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MEND: Model Editing Networks using Gradient Decomposition

If you run into any issues with the code, you can open an issue and/or email me at eric.mitchell@cs.stanford.edu

Setup

Environment

This codebase uses Python 3.7.9. Other versions may work as well.

Create a virtualenv (pyenv can help with this) and install the dependencies:

$ python -m venv env
$ source env/bin/activate
(env) $ pip install -r requirements.txt

Data

You can download the data needed for this project from this Google Drive link. Unzip each sub-directory into mend/data and you should be good to go.

Running the code

Run MEND training/evaluation for distilGPT-2 on the wikitext editing problem with:

(env) $ python -m run +alg=mend +experiment=gen +model=distilgpt2 data.wiki_webtext=False

Other valid algs include efk (KnowledgeEditor) and enn (Editable Neural Networks). Other valid experiments include fc (FEVER fact checking) and qa (zsRE question-answering). Splits, rephrases, and pre-trained BERT and BART models required for running fc and qa, respectively, come from De Cao et. al (see repo here). Check config/model for options for editable models (note that all models don't work for all experiments; GPT-style models only work with gen, seq2seq models only work with qa, and BERT only works with fc).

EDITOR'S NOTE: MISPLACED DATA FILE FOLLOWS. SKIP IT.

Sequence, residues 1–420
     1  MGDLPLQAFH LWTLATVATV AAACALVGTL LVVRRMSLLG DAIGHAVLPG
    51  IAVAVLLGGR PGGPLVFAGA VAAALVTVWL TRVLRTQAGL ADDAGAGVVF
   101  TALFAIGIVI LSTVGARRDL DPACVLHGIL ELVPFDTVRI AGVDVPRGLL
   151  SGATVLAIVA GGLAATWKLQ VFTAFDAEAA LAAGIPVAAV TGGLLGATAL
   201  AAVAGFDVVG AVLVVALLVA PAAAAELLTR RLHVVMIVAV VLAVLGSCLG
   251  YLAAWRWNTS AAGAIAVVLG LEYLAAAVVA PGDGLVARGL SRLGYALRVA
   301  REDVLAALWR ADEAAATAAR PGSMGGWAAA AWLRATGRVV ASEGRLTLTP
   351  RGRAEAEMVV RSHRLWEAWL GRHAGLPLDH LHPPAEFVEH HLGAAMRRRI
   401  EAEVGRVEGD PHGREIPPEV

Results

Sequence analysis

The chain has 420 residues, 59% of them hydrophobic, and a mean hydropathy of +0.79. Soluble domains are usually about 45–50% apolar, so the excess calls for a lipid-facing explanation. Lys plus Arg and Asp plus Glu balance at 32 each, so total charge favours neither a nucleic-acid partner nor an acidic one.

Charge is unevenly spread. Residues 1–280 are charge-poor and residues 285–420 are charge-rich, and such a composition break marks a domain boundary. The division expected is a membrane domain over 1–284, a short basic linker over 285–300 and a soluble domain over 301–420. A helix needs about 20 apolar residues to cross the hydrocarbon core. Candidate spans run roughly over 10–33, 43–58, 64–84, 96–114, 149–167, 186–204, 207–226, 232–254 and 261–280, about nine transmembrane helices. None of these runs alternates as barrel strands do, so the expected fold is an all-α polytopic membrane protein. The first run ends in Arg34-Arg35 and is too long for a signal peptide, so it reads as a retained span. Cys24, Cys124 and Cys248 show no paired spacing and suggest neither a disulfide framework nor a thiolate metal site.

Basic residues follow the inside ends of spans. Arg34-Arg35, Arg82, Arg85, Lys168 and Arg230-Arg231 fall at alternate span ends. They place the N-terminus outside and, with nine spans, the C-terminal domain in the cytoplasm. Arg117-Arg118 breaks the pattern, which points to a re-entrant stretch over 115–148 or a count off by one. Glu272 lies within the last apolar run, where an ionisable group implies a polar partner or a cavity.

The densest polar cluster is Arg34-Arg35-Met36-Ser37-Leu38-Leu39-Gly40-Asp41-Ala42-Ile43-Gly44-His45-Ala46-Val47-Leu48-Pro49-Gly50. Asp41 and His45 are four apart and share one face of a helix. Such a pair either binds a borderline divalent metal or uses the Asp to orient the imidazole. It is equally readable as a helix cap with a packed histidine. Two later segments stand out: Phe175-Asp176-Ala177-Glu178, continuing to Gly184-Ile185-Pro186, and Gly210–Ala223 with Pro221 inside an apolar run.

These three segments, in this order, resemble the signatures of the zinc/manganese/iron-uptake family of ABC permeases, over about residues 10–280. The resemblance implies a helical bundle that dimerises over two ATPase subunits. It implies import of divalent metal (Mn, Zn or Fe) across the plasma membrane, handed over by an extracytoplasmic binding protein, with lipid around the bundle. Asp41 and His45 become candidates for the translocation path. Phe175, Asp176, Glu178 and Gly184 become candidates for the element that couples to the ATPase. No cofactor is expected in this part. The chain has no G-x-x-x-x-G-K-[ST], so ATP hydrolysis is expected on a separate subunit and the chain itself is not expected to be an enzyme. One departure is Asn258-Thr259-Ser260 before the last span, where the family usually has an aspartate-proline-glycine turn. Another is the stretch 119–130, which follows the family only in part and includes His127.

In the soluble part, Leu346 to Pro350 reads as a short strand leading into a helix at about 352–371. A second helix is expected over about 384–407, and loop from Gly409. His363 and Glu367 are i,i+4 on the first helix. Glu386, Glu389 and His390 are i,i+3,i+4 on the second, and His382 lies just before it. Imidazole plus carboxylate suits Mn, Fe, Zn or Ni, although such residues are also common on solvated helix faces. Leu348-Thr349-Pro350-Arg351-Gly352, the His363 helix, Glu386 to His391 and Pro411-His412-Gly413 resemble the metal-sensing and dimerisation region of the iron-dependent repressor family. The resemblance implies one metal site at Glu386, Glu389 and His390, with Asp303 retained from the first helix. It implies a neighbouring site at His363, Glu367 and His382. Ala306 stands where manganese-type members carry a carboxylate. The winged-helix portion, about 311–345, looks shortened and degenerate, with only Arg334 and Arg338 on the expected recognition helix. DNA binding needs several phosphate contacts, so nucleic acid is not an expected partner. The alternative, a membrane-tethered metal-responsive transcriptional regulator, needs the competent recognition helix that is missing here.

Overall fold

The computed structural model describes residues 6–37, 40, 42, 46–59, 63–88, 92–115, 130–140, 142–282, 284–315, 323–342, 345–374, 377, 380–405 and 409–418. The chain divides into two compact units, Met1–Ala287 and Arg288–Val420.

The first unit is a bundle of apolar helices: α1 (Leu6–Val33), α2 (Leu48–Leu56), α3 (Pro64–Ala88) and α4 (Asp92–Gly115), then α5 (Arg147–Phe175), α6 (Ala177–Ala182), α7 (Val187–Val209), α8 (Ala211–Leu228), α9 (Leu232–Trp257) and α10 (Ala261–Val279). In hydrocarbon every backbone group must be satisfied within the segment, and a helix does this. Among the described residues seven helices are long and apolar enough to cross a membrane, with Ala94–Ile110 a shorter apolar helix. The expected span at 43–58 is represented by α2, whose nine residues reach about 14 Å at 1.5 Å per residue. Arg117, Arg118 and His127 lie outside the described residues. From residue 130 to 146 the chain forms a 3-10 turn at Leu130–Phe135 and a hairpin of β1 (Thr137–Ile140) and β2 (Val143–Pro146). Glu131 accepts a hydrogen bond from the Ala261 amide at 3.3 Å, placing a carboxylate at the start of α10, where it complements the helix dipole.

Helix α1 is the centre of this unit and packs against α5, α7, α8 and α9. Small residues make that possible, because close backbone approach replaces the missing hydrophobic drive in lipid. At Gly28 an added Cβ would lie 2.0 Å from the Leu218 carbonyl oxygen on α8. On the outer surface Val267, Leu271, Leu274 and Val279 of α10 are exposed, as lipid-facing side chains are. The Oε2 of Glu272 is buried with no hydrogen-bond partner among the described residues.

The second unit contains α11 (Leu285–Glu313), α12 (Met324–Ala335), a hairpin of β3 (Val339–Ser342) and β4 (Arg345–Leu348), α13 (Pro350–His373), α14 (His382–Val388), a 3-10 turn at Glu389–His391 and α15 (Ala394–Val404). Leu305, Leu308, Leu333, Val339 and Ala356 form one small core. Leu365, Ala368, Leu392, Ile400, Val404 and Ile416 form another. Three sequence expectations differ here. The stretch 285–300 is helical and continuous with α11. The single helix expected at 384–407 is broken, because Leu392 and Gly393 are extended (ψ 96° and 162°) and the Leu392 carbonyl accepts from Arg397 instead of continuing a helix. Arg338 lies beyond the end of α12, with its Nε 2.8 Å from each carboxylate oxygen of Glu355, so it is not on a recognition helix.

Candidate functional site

Also note that in the paper, we sample locality data from different datasets depending on the model. By default, training will use Natural Questions data (not zsRE data) for computing drawdown in the qa experiment and OpenWebText. For models such as the distilgpt2 model we use (which was fine-tuned on wikitext) or the BART-base model, this behavior should be disabled with data.wiki_webtext=False or data.zsre_nq=False, respectively.

Multi-edit experiments

For multi-edit experiments, it's important to configure batch sizing correctly. In order to run training & evaluation with 5 edits, for example, we pass the arguments data.n_edits=5 batch_size=6 val_batch_size=6.

This convention is interpreted as using batches of size 6 during training and validation, with 5 of those batch elements being used to apply edits to the model and the remaining (1) example used to compute drawdown.

Citing the paper

If this code or paper was useful, please consider using the following citation:

@inproceedings{mitchell2022fast,
    title={Fast Model Editing at Scale},
    author={Eric Mitchell and Charles Lin and Antoine Bosselut and Chelsea Finn and Christopher D Manning},
    booktitle={International Conference on Learning Representations},
    year={2022},
    url={https://openreview.net/pdf?id=0DcZxeWfOPt}
}

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MEND: Fast Model Editing at Scale

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